7.Having considered the two applications and the written submissions of learned counsel for the appellant and for the respondent dated 5th May 2015 and 24th May 2015 respectively, the court delivered its Ruling on 13th April 2018 allowing the respondent’s application and striking out the appellant’sclaim on the grounds that it was statute barred. On the other hand, it dismissed the appellant’s application with no orders as to costs.
8.Aggrieved by the ruling of ELRC (Maureen Onyango, J.), the appellant lodged the appeal before us. In his Memorandum of Appeal dated 25th June 2018, the appellant contended that the learned Judge erred in law and in fact by dismissing the appellant’s claim on the grounds that it was time barred in disregard of the law and evidence placed before the court against the respondent’s preliminary objection, and in support of the claim; and that in all the circumstances of the case, the findings of the learned trial Judge was not in line with the Constitution, the Limitation of Actions Act, fair labour practices or the evidence adduced. He prays that the appeal be allowed; that the impugned ruling be set aside; that the appellant’s claim proceeds to full determination on its merits; and that the respondent be condemned to pay costs of the appeal.
9.The decisive issue in the appeal before us is whether the learned Judge erred in holding that the appellant’s claim was time barred.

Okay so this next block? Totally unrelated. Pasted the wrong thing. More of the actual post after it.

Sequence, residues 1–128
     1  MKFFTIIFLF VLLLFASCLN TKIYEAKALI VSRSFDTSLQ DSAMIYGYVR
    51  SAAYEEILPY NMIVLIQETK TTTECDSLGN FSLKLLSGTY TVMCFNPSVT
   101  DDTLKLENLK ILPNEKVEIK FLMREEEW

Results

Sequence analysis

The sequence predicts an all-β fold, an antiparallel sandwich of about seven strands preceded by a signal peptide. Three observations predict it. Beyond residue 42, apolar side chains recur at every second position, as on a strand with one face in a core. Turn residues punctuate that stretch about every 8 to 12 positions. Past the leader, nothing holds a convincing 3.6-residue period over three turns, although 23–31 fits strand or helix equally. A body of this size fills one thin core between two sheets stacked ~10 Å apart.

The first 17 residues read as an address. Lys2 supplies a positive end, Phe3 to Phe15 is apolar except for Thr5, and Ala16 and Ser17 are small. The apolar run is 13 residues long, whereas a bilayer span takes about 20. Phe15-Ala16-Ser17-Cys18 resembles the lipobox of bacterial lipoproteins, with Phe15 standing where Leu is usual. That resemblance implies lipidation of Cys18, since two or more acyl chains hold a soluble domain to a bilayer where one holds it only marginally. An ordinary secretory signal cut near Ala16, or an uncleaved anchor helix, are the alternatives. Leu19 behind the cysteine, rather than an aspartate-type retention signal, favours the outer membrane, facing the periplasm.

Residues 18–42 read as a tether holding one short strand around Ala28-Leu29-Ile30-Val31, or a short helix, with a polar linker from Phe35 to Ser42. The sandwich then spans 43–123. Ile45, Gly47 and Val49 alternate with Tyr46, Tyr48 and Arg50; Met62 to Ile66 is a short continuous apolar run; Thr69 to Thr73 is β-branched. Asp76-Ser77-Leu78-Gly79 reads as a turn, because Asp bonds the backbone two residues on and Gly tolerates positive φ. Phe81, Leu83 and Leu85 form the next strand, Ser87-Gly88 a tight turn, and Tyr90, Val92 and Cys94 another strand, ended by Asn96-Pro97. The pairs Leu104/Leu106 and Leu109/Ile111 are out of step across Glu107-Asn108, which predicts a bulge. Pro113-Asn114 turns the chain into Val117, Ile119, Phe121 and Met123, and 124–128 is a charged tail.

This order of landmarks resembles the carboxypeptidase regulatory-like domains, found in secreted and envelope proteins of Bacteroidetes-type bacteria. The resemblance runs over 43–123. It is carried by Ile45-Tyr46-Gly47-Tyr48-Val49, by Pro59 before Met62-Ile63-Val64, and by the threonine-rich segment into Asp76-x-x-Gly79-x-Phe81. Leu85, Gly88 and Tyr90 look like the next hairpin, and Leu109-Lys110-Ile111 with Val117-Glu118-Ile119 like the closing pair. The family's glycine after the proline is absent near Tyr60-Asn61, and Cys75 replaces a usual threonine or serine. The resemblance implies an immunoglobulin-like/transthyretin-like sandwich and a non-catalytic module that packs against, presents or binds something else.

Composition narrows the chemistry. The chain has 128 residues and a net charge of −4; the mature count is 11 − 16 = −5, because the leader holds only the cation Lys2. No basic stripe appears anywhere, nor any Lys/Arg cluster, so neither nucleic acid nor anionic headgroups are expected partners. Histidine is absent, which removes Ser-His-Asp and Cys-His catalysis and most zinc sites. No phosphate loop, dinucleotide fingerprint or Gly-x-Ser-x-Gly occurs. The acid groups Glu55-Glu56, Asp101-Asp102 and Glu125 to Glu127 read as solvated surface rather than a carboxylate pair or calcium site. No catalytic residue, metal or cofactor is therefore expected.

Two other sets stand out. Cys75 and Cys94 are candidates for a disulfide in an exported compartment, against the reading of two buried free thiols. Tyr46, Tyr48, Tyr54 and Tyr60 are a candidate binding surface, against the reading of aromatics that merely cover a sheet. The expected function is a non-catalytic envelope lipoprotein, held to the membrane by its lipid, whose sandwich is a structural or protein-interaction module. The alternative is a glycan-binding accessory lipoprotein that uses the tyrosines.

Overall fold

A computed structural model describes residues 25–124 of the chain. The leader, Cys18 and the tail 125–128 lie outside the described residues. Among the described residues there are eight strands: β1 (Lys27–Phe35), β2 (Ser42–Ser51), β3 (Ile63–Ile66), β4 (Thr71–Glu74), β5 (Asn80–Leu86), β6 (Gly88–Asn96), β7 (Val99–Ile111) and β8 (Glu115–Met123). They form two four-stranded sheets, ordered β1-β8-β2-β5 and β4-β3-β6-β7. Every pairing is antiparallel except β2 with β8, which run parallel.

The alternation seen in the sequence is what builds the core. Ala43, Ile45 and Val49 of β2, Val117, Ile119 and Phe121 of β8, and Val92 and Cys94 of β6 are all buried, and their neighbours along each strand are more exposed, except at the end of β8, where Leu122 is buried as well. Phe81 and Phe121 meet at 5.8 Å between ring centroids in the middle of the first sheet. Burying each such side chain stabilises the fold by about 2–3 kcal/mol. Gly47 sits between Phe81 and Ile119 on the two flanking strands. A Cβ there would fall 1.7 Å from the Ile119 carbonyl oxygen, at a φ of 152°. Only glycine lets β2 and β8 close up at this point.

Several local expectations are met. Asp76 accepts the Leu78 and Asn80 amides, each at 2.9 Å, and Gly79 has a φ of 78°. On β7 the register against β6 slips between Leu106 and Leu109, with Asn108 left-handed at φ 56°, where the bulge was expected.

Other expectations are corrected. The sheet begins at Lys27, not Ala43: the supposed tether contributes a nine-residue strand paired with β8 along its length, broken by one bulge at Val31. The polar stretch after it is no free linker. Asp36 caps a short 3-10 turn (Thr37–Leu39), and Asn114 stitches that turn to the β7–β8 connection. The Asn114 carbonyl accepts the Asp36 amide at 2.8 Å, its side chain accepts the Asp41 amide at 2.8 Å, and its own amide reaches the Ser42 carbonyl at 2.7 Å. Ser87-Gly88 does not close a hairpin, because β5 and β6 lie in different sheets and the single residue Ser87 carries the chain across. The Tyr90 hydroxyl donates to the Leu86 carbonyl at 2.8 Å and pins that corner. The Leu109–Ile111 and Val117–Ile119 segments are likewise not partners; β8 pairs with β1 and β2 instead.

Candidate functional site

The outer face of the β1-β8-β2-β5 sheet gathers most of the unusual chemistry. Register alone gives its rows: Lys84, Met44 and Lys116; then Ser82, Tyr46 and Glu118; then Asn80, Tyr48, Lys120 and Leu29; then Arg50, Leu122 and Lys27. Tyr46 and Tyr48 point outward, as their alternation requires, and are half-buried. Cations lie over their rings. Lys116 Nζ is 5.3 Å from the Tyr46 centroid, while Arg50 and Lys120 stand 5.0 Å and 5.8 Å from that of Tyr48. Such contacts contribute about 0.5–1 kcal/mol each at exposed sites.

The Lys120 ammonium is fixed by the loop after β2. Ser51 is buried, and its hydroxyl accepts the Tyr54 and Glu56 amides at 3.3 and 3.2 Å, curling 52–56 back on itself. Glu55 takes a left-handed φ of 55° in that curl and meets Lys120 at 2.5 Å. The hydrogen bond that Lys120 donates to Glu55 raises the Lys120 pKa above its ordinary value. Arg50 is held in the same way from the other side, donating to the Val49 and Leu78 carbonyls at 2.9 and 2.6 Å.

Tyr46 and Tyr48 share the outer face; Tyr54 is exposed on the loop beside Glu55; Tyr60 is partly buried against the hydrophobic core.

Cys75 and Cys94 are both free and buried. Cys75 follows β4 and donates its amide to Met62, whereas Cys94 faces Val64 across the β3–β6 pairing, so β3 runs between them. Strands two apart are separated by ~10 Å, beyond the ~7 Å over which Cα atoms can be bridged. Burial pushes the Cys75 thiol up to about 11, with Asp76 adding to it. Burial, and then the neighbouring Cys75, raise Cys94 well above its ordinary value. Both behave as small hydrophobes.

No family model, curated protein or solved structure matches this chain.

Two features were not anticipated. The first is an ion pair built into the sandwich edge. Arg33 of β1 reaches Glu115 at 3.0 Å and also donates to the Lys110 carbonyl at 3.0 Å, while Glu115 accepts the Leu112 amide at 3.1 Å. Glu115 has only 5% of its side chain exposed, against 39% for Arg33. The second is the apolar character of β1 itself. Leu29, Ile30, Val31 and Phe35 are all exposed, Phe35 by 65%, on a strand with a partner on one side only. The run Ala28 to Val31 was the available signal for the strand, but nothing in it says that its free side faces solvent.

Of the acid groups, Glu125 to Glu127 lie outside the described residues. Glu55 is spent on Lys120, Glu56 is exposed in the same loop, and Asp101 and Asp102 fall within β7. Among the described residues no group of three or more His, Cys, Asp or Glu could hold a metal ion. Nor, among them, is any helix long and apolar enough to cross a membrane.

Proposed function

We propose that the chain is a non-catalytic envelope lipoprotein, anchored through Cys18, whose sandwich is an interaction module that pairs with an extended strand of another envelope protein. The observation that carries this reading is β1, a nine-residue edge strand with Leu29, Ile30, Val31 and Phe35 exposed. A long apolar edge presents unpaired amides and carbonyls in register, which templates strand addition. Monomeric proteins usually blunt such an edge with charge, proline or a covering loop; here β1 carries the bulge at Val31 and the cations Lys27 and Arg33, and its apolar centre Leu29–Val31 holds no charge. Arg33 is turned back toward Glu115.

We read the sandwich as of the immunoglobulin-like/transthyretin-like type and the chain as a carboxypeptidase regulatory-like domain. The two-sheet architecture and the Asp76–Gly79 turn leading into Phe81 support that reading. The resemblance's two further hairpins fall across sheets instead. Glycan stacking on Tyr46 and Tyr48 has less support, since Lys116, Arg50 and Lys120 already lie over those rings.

10.We need to point out at the onset that this being a first appeal, it is also our duty, in addition to considering submissions by learned counsel, to analyze and re-assess the evidence on record and reach our own conclusions in the matter. This approach was adopted by this Court in Arthi Highway Developers Limited vs. West End Butchery Limited and 6 others  eKLR citing the case of Selle v Associated Motor Boat Co.  EA p.123.
11.In Selle’s case, the Court held:
12.Section 90 of the Employment Act, 2007 is conclusive on the issue of the period of limitation prescribed for the lodging of claims under the Act. It reads:
13.It is common ground that the appellant’s employment was terminated on 27th January 2010. He lodged his claim in the Industrial Court (now ELRC) on 7th June 2013, almost 5 months after the 3 years period of limitation prescribed in section 90 of the Act. We do not agree with counsel for the appellant that the statutory period of limitation stopped to run from the date on which conciliation commenced until the date on which the conciliation broke down. The limitation period prescribed in section 90 of the Act is unqualified and makes no reference to any circumstances under which such time may be enlarged.
15.Having considered the record of appeal and the grounds on which it is anchored, the written and oral submissions of learned counsel for the appellant and learned counsel for the respondent together with the cited authorities, we find nothing to fault the Ruling of the learned Judge. Accordingly, we hereby order and direct that:(a) the appellant’s appeal be and is hereby dismissed;(b) the Ruling of the ELRC (Maureen Onyango, J.) delivered on 13th April 2018 in ELRC Cause No. 864 of 2013 be and is hereby upheld; and(c) each party shall bear their own costs of the appeal.